January 26, 2015 – Foreign Policy magazine has once again ranked Georgetown No. 1 in the world for graduate study and No. 4 for undergraduate programs in international affairs.
Georgetown also ranked first for its international affairs master’s degree programs in 2007, 2009 and 2012 in the magazine’s rankings.
The magazine cited Georgetown’s two-year master’s programs, which allow students to supplement coursework with mentorship from its prestigious faculty, as well as with professional internships in Washington, D.C., and abroad.
Service of Humanity
"We are both proud and flattered that Georgetown University again ranks high among the schools to study international affairs,” says James Reardon-Anderson, School of Foreign Service (SFS) interim dean. “This is a great credit to the students, faculty and staff of Georgetown and confirms the wisdom of our commitment to education for the service of humanity."
The oldest school of its kind in the world, SFS is home to eight graduate programs spanning many issues and regions.
Thematic degrees include the Master of Science in Foreign Service, Master of Arts in Security Studies and Master of Global Human Development.
Regionally focused degrees span the globe, including separate Master of Arts degrees in: Asian Studies, Arab Studies, Russian, Eurasian and East European Studies, German and European Studies and Latin American Studies.
The SFS undergraduate program offers 1,500 students over four years the opportunity to earn a Bachelor of Science in Foreign Service (BSFS).
The program features an interdisciplinary liberal arts core curriculum that focuses on the study of international affairs.
Students undergo a rigorous education that includes courses in international affairs, government, economics, philosophy, theology, history, literature, language training and geography.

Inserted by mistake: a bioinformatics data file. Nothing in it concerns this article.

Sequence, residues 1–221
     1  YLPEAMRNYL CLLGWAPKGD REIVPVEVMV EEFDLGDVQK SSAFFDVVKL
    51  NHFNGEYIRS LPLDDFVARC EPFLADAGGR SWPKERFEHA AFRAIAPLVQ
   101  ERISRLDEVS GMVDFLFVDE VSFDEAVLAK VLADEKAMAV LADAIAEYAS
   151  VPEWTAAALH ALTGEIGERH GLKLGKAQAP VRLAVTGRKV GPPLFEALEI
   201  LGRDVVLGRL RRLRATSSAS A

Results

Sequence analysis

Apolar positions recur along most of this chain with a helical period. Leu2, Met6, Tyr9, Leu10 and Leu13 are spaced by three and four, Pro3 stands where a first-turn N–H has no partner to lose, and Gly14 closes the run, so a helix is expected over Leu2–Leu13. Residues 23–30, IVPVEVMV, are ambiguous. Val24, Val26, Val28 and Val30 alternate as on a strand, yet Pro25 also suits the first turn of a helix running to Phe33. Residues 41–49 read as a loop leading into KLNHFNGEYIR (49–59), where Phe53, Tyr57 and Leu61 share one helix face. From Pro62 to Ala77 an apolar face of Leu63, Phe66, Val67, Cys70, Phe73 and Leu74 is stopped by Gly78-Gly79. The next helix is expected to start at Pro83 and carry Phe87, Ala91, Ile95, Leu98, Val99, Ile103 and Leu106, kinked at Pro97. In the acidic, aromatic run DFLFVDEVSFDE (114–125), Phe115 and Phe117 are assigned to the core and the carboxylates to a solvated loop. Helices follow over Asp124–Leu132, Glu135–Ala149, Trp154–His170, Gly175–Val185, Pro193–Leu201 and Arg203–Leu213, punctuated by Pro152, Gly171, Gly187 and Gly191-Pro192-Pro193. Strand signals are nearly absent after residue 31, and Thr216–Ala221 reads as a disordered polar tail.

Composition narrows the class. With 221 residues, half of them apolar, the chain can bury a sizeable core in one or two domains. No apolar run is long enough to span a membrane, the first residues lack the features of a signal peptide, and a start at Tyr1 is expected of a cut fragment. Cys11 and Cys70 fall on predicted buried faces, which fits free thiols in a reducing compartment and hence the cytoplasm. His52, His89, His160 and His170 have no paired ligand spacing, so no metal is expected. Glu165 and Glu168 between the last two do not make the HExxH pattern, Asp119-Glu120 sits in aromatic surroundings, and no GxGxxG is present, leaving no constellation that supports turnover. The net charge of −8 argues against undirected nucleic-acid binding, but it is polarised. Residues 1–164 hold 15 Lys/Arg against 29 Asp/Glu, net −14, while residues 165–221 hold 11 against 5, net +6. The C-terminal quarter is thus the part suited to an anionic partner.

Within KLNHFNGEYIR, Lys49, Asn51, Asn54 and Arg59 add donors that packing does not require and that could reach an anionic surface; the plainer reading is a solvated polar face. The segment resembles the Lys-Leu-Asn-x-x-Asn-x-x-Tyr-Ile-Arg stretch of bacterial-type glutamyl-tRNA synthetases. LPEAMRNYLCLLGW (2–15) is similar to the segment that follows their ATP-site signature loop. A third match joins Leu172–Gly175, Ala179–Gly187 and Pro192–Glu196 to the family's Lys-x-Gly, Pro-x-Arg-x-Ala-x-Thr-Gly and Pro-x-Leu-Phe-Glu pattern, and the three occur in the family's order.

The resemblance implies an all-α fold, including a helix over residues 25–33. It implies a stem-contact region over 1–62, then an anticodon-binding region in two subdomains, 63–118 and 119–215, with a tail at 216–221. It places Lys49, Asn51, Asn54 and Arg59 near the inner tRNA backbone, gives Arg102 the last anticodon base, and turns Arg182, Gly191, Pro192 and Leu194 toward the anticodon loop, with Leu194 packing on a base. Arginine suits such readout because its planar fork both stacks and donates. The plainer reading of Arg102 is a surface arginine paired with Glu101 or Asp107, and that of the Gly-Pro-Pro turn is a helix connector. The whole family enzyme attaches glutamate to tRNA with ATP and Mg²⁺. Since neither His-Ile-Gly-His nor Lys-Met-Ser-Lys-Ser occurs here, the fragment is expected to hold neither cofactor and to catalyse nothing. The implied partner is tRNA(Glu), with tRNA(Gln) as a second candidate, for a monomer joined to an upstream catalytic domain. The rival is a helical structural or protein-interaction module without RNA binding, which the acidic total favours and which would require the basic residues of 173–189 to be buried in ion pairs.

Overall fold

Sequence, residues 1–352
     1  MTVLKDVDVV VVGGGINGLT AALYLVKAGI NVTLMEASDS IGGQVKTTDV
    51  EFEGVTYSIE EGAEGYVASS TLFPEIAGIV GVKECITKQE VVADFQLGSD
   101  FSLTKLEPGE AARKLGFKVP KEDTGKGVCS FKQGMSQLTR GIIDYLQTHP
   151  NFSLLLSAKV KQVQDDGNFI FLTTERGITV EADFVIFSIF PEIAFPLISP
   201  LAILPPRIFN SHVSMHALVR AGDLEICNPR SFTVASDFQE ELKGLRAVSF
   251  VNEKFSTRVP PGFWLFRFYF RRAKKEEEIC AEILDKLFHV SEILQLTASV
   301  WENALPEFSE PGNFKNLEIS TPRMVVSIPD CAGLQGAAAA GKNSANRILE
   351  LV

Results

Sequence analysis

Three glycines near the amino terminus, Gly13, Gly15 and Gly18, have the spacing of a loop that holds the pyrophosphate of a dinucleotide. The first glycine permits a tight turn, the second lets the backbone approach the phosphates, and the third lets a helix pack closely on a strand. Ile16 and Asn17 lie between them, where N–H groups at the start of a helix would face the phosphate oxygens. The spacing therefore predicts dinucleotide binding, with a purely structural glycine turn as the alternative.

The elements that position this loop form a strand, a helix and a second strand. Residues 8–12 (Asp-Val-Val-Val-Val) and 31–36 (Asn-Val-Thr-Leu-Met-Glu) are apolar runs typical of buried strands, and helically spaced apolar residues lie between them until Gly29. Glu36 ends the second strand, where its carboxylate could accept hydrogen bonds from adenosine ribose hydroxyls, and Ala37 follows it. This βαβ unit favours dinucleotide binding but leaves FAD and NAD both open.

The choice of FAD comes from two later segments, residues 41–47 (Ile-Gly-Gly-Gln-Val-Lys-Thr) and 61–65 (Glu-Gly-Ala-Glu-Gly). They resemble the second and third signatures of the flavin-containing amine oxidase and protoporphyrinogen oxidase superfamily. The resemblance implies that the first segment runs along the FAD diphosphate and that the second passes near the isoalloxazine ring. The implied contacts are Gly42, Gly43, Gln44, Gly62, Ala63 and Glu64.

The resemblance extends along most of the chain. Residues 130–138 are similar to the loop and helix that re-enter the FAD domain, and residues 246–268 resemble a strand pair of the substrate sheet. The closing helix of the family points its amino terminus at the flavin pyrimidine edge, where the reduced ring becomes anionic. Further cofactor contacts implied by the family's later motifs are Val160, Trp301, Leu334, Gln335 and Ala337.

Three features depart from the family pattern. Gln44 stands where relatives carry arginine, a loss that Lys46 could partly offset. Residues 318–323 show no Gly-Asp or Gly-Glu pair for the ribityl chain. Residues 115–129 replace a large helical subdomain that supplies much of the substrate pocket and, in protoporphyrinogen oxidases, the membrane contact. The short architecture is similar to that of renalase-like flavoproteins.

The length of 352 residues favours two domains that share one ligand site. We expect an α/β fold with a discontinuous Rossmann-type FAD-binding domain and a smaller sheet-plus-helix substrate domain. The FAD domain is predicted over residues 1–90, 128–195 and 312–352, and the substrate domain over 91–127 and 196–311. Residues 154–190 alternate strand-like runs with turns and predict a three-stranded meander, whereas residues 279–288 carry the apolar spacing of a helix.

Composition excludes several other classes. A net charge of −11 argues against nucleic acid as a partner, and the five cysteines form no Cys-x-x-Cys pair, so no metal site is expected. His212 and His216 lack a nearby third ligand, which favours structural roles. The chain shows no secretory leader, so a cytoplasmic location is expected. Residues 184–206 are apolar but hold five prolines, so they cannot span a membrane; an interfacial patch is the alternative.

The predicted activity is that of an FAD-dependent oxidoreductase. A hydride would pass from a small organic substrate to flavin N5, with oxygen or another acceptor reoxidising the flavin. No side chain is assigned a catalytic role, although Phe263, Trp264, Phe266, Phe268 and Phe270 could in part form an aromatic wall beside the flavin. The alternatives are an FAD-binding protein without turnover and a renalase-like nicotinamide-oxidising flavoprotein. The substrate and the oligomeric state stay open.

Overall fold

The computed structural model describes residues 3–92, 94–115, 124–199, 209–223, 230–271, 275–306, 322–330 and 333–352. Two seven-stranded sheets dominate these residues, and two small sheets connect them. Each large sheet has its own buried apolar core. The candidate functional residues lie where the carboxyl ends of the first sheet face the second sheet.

According to Foreign Policy, “the ... survey offers a window into how America’s top IR (international relations) scholars see the world today – and which institutions are effectively nurturing future generations of thinkers and policymakers.”
Foreign Policy Wonks
A collaboration between Foreign Policy and the Teaching, Research, and the International Policy (TRIP) project at the College of William and Mary, the survey gathered responses from 1,615 international relations scholars drawn from 1,375 U.S. colleges and universities.
The survey also asked about trends in international affairs and which issues are the most important foreign policy issues to the United States today. Answers ranged from global climate change to armed conflict in the Middle East to China’s rising military power.
Foreign Policy noted that while there are debates about higher education, “scholars and policymakers alike rightly agree, however, that language skills, expertise about regions of the world, and other knowledge gleaned in the classroom make for a stronger, more effective corps of foreign-policy wonks.”